Here is the great spiritual tragedy of our day: we’ve taken on the role of judging God; and for his “crimes,” we’re punishing ourselves. Jeremiah 2:5 (NKJV) reads,
Thus says the Lord:
“What injustice have your fathers found in Me,
That they have gone far from Me,
Have followed idols,
And have become idolaters?
A look in the Hebrew dictionary reveals that idols and idolaters could be translated futilities or vanities and futile or empty, which brings it into the 21st century without violating the text.
The secular West has found massive injustice in God, in the Church and in the Bible we follow. It has judged God and found him oppressive, genocidal, misogynistic, homophobic, pro-slavery, sexually repressed, politically backward, scientifically ignorant, and intolerant. Alternatively, in some places the West has pounded its gavel and declared God “Not Interesting. Not Relevant.”
But He is Good!
And oh, you must understand the deep cry of my heart, for I have studied the source, the Bible, I have examined the history of God’s people, and I know that God is none of these things. He is good! He gives life, and freedom, and justice, and abundance of joy. He does good in the world, especially through his people, the Church. While we are human and therefore prone to wrong-doing — and believe me, I probably know the embarrassments of our history at least as well as you do, if not better — on the whole the Church’s influence on the world has been very good.
Denying God’s Goodness
But the secular West has forgotten that. It has buried it under a mountain of manipulative rhetoric, or in some cases has accumulated so many years of lies, that it simply cannot see God and his people that way. This is not primarily about Christianity’s reputation; I wouldn’t want to put that in first place. It’s about the knowledge of the goodness and glory of God, of which the Church is an imperfect reflection.
Pronouncing Futility Upon Ourselves
And it is about human futility without God. It’s about the lives that won’t be lived to the full. It’s about the spiritual dimension that keeps getting squashed. It is about the emptiness.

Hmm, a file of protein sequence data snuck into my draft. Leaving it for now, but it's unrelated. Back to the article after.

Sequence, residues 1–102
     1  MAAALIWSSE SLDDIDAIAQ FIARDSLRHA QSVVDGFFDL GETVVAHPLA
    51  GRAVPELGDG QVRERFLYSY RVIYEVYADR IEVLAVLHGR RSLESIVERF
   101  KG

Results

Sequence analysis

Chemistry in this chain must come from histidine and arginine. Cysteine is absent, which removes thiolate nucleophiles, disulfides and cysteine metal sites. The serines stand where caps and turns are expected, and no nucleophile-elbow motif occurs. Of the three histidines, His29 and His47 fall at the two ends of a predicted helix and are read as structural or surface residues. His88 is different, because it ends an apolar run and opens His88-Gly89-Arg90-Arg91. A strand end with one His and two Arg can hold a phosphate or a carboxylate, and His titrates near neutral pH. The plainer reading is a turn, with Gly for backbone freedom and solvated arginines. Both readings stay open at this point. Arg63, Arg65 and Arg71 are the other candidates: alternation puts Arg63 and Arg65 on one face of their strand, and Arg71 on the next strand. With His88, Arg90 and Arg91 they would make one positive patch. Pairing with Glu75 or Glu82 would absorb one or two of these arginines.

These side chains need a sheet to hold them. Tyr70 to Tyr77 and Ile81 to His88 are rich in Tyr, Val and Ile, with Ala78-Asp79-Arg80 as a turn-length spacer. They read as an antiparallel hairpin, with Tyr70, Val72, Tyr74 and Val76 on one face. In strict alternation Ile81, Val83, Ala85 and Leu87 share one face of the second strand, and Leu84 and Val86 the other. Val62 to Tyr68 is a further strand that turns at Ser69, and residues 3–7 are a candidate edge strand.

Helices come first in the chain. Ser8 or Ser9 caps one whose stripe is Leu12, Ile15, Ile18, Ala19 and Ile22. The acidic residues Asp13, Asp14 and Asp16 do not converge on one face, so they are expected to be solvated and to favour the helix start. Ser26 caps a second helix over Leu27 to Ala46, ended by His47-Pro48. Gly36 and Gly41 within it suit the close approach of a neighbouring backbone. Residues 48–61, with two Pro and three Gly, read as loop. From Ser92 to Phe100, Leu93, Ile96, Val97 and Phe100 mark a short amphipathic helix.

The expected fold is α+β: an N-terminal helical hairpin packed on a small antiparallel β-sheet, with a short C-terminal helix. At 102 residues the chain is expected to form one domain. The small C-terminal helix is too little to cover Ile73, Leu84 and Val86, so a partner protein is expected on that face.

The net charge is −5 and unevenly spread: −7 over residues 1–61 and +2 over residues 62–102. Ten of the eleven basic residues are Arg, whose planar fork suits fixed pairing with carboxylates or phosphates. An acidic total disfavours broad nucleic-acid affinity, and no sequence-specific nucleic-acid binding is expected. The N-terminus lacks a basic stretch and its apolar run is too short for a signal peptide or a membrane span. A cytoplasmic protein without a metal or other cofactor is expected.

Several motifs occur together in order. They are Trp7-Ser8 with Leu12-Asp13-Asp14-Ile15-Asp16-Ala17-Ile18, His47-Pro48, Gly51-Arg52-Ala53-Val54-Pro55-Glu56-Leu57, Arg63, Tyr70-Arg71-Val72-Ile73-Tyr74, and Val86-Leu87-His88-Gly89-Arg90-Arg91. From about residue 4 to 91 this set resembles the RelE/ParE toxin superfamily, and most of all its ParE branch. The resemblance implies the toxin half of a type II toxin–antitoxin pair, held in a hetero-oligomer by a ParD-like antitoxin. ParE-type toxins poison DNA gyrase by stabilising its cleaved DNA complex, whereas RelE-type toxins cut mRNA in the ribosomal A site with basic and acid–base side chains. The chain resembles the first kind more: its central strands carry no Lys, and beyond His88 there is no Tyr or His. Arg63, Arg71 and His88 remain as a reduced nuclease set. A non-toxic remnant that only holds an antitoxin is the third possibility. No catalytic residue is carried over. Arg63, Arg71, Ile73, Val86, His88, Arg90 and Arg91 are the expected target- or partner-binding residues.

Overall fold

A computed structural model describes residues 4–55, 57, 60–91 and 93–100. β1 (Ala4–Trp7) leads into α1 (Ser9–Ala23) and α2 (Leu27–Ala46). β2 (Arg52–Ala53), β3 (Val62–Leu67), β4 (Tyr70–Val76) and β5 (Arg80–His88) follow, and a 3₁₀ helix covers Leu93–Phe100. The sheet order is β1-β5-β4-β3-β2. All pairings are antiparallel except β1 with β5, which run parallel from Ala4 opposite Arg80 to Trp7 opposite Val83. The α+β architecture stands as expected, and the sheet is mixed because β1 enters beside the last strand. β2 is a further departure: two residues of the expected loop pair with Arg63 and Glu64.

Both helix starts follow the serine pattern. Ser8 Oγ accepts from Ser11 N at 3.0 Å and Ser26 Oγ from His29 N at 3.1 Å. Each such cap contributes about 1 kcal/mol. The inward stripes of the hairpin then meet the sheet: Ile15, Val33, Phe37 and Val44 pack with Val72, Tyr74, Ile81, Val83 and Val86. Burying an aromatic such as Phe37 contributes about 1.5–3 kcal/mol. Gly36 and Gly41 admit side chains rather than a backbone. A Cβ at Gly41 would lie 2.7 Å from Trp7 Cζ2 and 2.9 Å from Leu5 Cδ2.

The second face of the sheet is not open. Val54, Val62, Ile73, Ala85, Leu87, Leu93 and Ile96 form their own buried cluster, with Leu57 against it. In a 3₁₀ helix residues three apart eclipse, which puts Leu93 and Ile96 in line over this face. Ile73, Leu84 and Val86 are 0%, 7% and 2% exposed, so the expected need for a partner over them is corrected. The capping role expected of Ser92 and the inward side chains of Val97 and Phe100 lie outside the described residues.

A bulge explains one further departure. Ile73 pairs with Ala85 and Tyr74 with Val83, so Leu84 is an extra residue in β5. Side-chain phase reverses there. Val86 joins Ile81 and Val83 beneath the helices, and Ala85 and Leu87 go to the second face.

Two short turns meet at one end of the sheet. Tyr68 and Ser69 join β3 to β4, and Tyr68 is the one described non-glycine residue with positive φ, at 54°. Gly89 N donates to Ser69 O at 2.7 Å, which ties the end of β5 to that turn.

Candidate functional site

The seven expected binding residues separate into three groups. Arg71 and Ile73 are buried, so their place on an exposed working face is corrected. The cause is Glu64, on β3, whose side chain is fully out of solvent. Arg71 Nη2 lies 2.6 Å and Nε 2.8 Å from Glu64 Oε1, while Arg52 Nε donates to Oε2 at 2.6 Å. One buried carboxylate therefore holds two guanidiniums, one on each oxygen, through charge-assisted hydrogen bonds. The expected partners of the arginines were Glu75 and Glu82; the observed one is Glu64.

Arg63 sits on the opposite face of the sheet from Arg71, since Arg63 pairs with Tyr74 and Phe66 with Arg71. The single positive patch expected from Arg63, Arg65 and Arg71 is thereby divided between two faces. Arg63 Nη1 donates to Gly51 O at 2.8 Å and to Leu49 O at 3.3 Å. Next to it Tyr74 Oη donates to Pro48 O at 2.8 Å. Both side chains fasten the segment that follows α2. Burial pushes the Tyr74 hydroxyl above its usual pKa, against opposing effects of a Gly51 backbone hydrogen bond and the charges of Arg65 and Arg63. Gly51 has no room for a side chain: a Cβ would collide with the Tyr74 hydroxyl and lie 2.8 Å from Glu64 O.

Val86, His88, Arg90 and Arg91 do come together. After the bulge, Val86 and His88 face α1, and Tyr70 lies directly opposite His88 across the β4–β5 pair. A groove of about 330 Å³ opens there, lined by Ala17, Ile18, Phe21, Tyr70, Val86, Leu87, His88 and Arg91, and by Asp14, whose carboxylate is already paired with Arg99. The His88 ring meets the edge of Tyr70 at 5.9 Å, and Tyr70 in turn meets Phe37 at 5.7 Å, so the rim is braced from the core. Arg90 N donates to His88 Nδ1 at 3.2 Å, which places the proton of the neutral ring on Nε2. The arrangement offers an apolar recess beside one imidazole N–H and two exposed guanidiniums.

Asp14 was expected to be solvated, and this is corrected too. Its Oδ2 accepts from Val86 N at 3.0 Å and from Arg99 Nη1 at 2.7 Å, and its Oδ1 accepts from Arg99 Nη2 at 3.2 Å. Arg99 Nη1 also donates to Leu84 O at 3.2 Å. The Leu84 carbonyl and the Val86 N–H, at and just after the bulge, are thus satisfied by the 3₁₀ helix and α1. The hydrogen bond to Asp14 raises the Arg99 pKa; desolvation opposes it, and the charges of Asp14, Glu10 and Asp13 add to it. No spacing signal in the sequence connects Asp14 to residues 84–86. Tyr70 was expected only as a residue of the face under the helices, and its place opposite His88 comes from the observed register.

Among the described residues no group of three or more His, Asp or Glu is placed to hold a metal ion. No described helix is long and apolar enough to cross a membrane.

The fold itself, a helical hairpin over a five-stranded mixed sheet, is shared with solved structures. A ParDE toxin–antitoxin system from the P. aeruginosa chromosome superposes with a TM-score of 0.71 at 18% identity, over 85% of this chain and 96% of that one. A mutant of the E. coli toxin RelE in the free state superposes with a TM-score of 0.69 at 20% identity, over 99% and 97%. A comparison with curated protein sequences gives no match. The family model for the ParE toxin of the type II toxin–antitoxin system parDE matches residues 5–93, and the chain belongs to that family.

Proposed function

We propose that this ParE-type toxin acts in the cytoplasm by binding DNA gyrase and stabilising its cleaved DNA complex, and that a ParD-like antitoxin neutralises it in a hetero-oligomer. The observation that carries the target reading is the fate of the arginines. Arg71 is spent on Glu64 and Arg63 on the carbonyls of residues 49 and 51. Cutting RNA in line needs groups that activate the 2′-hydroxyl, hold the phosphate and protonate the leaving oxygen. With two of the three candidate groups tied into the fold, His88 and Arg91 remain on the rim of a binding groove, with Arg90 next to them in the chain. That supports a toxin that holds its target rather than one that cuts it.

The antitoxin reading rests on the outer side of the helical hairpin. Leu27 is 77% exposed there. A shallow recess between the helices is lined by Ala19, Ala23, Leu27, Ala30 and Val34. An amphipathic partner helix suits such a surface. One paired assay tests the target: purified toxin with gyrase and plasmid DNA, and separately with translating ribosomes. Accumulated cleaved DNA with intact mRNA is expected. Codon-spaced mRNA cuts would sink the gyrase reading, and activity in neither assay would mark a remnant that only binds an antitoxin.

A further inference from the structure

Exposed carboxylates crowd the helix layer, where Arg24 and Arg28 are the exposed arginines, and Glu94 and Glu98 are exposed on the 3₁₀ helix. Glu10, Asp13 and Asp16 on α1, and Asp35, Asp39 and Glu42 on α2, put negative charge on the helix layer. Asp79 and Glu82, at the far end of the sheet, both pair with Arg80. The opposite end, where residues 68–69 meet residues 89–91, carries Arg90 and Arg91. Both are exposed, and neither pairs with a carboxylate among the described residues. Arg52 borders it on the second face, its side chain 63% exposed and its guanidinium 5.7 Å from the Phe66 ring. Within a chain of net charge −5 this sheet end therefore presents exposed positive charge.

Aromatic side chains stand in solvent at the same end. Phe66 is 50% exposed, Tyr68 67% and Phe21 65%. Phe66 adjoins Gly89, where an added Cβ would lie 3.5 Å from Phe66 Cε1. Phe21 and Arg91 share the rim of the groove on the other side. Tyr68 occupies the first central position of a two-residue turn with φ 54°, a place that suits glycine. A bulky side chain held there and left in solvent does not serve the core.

“Emptiness?!” comes the objection. Yes. The numbers show it. Baby-boomers are committing suicide in record numbers. Drug and alcohol use mask our loss of meaning. Sex has become empty, stripped of the deep, trusting, bare intimacy of a lifelong committed relationship. Spirituality has faded to nothing: there is no knowledge of God, no communion with him in prayer, no love relationship with the Creator.
The more committed, naturalistic atheists among us have even emptied humanity of humanness. Scripture says “from dust you came and to dust you shall return;” naturalistic atheism says, “Dust you are right now.” The difference between us and dust is but a dream. Dust moves around the room, strictly by the laws of nature; so do humans, under precisely the same laws and limitations. There is nothing unique about us. In a naturalistic universe, everything that makes us truly human — free will, consciousness, identity — is strictly impossible, an illusion, a dusty dream.
So say those who have turned fully toward emptiness. Others of us have settled for a different material reality: consumeristic materialism, the hope in stuff. We have not noticed the futility, the failure of stuff to satisfy.
Others have sought a deeper, better life through power, prestige, and position, not recognizing that being admired is a poor substitute for being loved, and that freedom of spirit is better than the elusive freedom of being in control.
The Grievous Effect of Judging God
What fault, what injustice is there in God, that we should have abandoned him for this nothingness? This question has driven me deep into prayer over the past week or so. It impels me to share the truth about God in Scripture and his people in history
For I grieve over what we have done. We have judged God on trumped-up charges. We have convicted him on false evidence. We have pronounced the sentence. And in punishment we have thrown our own selves into a pit.